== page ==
WWII warbirds arrive in Hawaii for historic flyovers to commemorate end of war 75 years ago
FORT SHAFTER, Hawaii — Massive cranes began hoisting 14 World War II-vintage warplanes from an amphibious assault ship Tuesday at Joint Base Pearl Harbor-Hickam, two weeks before they will take to the sky for a series of aerial parades over Oahu to commemorate the 75th anniversary of the war’s end.
The collection of warbirds made the journey from San Diego aboard the USS Essex. Some owners and maintenance crews of the planes also made the trip on the Navy vessel.
The first two flyovers are scheduled for the afternoons of Aug. 29 and 30. The routes have not yet been announced, but planners have said one will likely be viewable from Waikiki Beach, while the other will be over the western part of Oahu.
The third and final aerial parade will commence immediately after a ceremony on Sept. 2 aboard the Battleship Missouri Memorial in Pearl Harbor that marks the exact day Japan formally surrendered.
Among the warbirds arriving were:
• Several SNJ/AT- 6 Texans, a training plane widely used during World War II.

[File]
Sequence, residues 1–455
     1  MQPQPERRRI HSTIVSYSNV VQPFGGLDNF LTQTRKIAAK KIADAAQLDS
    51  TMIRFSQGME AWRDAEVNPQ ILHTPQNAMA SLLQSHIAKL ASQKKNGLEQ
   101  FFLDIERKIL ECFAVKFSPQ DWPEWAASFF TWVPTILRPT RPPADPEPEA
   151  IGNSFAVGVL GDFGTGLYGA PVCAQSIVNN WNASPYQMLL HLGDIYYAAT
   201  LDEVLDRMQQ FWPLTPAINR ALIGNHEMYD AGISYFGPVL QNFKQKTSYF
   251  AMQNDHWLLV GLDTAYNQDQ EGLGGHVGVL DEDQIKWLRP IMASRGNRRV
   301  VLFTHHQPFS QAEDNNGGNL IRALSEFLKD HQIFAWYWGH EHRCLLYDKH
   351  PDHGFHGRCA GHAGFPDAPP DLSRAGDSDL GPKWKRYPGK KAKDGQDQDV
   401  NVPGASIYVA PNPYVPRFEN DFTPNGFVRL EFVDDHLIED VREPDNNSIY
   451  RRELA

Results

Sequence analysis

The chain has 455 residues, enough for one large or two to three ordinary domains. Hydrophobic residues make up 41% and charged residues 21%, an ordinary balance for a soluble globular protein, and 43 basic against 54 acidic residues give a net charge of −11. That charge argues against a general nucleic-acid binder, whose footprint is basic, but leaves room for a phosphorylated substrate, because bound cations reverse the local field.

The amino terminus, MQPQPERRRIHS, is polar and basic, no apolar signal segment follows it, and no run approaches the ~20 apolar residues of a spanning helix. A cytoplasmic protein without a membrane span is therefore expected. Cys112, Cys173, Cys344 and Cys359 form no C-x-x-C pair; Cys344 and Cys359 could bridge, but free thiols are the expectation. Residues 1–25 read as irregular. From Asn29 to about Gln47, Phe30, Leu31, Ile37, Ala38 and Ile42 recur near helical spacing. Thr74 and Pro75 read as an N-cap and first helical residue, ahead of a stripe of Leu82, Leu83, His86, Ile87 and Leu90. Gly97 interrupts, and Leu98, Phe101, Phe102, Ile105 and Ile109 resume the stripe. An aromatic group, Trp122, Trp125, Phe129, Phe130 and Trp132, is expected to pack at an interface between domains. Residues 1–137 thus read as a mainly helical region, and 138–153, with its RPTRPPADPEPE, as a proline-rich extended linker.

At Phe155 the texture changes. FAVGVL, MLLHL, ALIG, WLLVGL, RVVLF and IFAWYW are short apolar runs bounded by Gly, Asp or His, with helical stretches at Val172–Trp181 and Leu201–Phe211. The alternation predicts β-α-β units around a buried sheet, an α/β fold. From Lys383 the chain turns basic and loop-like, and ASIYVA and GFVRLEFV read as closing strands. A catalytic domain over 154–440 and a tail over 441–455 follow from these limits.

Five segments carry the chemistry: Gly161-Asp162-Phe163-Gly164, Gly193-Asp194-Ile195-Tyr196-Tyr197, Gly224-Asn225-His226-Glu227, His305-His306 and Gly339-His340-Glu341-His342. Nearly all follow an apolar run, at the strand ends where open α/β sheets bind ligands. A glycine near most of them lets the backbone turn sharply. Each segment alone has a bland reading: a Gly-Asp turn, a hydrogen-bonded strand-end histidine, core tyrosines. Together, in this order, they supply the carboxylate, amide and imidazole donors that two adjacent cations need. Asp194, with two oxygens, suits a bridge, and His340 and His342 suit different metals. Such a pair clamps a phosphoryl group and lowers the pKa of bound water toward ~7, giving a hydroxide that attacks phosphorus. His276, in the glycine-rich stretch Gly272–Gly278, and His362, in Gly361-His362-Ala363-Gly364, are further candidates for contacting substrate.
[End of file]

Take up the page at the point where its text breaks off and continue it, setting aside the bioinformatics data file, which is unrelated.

• A B-25 Mitchell bomber, the kind used in the daring Doolittle Raid on Tokyo in April 1942.
• A Grumman FM2 Wildcat, a carrier fighter that was used by the Navy and Marine Corps in battles at Guadalcanal, the Coral Sea, Midway and the Solomon Islands.
• A Grumman F8F Bearcat, which was Grumman’s last piston-engine fighter that was introduced late in the war.
• A Boeing-Stearman Model 75, one of more than 10,000 training plane of this type produced during the war.
• A Grumman TBM Avenger, a Navy torpedo bomber that the Navy first used in the Battle of Midway.
A P-51 Mustang, which served as a long-range, high-altitude bomber escort.
Fourteen U.S. veterans who witnessed Japan’s surrender aboard the USS Missouri while in Tokyo Bay in 1945 plan on attending the Sept. 2 commemoration called “Salute Their Service, Honor Their Hope.”
Most of the events originally planned to commemorate the war’s end have been dropped due to the coronavirus pandemic. Visiting veterans and their chaperones will be kept in “bubbles” intended to keep them separated from others.
They will be among the small group of people allowed to attend the ceremony on the Missouri, which will be livestreamed.